Several days ago, various media outlets misinterpreted a statement out of Russia, in which it was said that Assad may be defeated by the local Al Qaeda-funded and US-supported rebels, and which many took as an indication that the geopolitics in the Middle East may be shifting as Russian support of Syria was ending. Turns out nothing could be further from the truth, and moments ago the AP reports that a “Russian navy squadron has set off for the Mediterranean” with destination Syria. The official point of the exercise: evacuation. The unofficial: anything but. “The Defense Ministry said Tuesday that the ships will rotate with those that have been in the area since November. Russian diplomats said last week that Moscow is preparing plans to evacuate thousands of Russians from Syria if necessary. The ministry did not say whether the navy ships are intended for an evacuation.” Remember that “evacuation” was the pretext when Russia also sent the Grand Missile Cruiser Moskva off the Gaza coast last month at the height of the latest escalation of the Israel-Gaza conflict. The pretext then? “Evacuation” too. Why anyone would send their Black Sea Navy flag ship to ‘evacuate’ a few hundred citizens, all of whom are perfectly proficient with instructions on how to board a plane, is of course, anyone guess.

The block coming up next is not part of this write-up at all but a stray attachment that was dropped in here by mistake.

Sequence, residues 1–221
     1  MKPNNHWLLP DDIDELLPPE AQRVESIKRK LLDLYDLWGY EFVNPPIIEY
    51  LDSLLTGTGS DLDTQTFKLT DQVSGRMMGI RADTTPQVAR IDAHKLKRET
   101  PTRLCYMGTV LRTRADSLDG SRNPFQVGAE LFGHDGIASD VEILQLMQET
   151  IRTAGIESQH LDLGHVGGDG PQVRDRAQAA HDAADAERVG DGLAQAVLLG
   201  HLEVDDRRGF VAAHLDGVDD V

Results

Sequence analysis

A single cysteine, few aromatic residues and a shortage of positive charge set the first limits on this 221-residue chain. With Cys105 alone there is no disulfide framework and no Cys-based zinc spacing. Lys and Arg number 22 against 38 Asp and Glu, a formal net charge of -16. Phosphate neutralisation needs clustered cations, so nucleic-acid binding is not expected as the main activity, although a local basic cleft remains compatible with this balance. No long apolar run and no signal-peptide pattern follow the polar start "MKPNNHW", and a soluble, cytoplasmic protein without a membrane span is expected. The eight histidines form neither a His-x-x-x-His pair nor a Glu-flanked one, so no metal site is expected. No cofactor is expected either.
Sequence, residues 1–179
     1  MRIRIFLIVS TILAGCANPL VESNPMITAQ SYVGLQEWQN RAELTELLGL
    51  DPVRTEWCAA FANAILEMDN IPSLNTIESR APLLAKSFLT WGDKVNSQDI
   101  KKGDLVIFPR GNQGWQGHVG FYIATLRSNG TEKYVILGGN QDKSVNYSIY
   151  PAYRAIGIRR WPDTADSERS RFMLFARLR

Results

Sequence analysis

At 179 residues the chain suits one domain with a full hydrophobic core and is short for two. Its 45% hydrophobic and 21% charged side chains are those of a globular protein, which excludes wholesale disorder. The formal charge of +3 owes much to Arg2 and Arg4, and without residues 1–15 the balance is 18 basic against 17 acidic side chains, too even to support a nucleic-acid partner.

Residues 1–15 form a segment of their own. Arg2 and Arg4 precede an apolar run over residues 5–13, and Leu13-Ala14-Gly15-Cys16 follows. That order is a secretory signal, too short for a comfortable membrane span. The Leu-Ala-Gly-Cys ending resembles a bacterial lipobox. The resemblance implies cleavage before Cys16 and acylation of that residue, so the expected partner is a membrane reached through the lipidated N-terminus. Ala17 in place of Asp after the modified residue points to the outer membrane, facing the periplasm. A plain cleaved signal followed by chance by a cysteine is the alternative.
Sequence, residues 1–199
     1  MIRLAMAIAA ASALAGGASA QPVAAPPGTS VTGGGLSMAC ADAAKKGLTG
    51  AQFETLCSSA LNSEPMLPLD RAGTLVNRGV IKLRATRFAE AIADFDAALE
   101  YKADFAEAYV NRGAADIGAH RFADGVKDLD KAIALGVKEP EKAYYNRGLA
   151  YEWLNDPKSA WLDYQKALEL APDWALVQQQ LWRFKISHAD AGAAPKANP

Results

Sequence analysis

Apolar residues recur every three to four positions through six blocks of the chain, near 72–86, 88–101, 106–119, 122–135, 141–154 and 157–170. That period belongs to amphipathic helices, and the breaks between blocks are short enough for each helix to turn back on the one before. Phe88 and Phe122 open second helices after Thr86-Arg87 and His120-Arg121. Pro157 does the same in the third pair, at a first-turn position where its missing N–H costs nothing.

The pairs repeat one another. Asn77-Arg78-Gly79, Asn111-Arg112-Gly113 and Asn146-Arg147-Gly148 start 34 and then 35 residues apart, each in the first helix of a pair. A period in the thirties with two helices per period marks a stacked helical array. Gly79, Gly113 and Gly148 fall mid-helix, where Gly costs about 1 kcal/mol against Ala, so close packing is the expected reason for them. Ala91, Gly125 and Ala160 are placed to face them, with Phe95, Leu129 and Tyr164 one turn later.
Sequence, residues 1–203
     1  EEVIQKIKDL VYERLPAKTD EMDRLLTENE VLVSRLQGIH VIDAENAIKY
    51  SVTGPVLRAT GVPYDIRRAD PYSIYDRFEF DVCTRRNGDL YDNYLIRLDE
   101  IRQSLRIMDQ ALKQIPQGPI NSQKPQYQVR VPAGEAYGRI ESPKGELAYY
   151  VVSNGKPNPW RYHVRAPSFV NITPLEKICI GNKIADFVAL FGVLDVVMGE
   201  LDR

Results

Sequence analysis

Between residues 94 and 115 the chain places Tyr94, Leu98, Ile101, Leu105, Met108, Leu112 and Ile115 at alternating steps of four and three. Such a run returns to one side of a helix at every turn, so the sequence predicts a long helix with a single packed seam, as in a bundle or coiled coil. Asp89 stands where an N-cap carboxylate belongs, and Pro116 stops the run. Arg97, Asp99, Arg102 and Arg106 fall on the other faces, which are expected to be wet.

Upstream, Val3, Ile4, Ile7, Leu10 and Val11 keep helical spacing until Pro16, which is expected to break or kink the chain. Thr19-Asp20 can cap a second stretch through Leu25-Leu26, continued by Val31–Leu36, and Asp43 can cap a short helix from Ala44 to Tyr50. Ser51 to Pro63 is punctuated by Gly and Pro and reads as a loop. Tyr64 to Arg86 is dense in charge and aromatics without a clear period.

Alternatively, why Russia would go ahead and do everything to defend its strategic Syria naval base in Tartus, and a regime it has been very sympathetic to in the past, is pretty clear to everyone, especially now that the US and NATO are openly supplying Syria’s northern neighbor Turkey with missiles: for now defensive, or so the media spin goes.
The squadron of five ships that sailed from the Baltic Sea base of Baltiysk includes a destroyer, a tugboat, a tanker and two large amphibious vessels that could evacuate hundreds of people.
Right, evacuation is the Destroyer’s primary role. Look it up: it’s in the SOP. And just in case one squadron was not enough, here is another.
Another group of three navy ships departed Tuesday from Severomorsk, the main base of Russia’s Northern Fleet on the Kola Peninsula.